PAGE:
" Will't please your honor, taste of these conserves".
preserves, as our grandmothers used them are obsolete. A general rule for making them was a pound of sugar to a pound of fruit. The fruit peeled and laid in the sugar over night. Simmer over a slow fire taking the fruit out often, cooling on a platter and returning. When the fruit is considered done, remove and boil the syrup down and pour over fruit. When cold put in glass jars. Quinces should be parboiled before adding sugar.
Cut a peck of Pippin apples, into quarters after paring and coring them. Put them into enough water to prevent burning, but not enough to make the juice thin ; about one quart of water would suffice. When the apples are cooked thoroughly strain through a flannel bag without squeezing. Then to each pint of juice allow 3/4 of a pound of sugar. Put the juice on and boil 10 minutes; add the sugar and boil 20 minutes longer; add the juice and peel of 2 fresh lemons, if you choose. A little bunch of rose geranium leaves boiled into it, 2 or 3 minutes before it is done, is nice.
One quart of cranberries, 1 1/2 cups of water; boil fast till broken; then add 1 pint of sugar, and boil up 2 or 3 times.
Take large crab apples-prick them. To every pound of fruit allow a pound and a half of sugar and one pint of water; boil and skin till clear; then to each pound of fruit the juice and chipped rind of one lemon. Put in the crab apples and boil slowly till tender. Fill your jars half full of fruit and cover with the juice.
Place the currants in a stone jar set in hot water ; leave it several hours till the skin of the fruit look empty of juice. Put the currants in a flannel jelly bag and let them drip all night, without squeezing. Next morning add 1 pound of sugar to every pint of juice, and boil from 5 to 15 minutes.
Mrs. Blennerhassett's thoughtt he art of making jelly consisted in using the currants before they were thoroughly ripened.
To 7 pounds of ripe currants add 7 pounds of sugar, 2 pounds of raisins. Put all in a kettle together and let them boil slowly until the fruit is done. Then dip out and cook the syrup 2 or 3 hours.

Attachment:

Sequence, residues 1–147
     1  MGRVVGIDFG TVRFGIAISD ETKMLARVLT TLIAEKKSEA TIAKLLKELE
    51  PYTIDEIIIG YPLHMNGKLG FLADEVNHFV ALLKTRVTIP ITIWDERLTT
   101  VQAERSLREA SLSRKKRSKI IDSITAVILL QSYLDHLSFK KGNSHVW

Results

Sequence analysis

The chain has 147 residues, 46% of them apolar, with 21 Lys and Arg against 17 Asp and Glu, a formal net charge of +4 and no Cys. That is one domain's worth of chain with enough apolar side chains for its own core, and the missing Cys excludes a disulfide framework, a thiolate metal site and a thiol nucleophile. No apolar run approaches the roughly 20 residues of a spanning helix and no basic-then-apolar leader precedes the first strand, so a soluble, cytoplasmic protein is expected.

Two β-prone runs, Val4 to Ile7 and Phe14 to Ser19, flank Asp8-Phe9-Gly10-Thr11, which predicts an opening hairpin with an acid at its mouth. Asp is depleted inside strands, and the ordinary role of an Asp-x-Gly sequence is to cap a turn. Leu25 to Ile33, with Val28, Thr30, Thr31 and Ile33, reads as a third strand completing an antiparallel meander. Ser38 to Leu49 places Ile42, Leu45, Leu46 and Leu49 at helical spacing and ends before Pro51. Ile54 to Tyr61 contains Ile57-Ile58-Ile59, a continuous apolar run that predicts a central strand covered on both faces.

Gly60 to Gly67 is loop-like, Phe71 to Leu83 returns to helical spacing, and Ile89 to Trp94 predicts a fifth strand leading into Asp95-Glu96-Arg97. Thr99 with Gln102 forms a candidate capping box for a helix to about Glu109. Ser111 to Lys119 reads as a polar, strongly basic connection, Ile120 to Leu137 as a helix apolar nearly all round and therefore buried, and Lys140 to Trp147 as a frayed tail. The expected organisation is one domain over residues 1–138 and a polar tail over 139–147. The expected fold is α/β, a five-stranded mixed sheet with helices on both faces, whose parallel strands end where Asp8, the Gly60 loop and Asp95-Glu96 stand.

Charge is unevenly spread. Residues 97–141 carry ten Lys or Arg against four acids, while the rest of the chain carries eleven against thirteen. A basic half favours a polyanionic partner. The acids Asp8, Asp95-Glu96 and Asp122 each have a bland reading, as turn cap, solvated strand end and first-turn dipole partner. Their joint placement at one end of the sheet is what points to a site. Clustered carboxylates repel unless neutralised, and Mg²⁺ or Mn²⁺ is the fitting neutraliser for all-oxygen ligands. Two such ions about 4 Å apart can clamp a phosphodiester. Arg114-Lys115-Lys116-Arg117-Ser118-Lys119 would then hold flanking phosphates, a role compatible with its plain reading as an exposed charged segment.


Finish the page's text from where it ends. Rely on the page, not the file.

Pick off of stems and wash. Put in a kettle and add as little water as will do to start them cooking without burning. When soft rub through a sieve. To every pint of the juice add 1 pint of sugar. Return to the kettle and let boil 20 minutes, or until it will harden into jelly.
Grate the rough, dark places from the orange, quarter the orange, put the peel in weak salt and water 2 hours, boil in plenty of soft water till tender, scrape the juice and pulp from skin and seeds, cut the peel in thin, long slices; 1 pound of sugar for 1 pound of orange. Boil 20 minutes or longer.
Use large, white clingstones, pare and remove the stones. To every pound of peaches, allow 1/3 of a pound of sugar. Make a thin syrup, boil the peaches in the syrup till tender, but not till they break. Put them into a bowl and pour the syrup over them. Put them in a dry, cool place and let them stand 2 days. Then make a new, rich syrup, allowing 3/4 of a pound of sugar to one of fruit. Drain the peaches from the first syrup and boil them till they are clear in the second syrup.
Cover the bottom and sides of the kettle with vine leaves. Put in a layer of rind and then a layer of vine leaves. In each layer put a small piece of alum, cover with leaves, then put a wet towel over the top, and water enough to cover them well. Let then simmer an hour. Then take them out on a dish and make a syrup of a pound of sugar and a pint of water, to a pound of rind. When the scum has stopped rising, put in the fruit and let it simmer a half hour. Take out the rind on a dish and let the syrup simmer an hour, then put in the fruit and simmer another half hour, then take it out and let stand until morning, then pour off the syrup and boil until thick as honey, and pour over the rind in a jar. Season with mace, ginger, or whatever you prefer.